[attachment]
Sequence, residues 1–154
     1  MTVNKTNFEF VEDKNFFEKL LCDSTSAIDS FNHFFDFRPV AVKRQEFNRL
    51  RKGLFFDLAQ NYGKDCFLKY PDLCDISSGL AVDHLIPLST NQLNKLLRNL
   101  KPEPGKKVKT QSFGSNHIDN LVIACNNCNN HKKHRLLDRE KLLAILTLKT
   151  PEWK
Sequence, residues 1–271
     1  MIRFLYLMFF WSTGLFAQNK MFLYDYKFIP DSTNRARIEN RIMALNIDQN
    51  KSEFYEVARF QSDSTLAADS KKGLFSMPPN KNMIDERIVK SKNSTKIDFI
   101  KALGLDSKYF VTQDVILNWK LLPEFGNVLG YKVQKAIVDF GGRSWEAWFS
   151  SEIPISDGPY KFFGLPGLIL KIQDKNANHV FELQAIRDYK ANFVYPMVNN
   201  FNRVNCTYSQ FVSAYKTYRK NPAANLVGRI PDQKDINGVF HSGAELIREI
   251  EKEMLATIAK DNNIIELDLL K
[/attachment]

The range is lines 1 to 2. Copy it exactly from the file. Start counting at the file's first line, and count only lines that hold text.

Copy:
Sequence, residues 1–154
     1  MTVNKTNFEF VEDKNFFEKL LCDSTSAIDS FNHFFDFRPV AVKRQEFNRL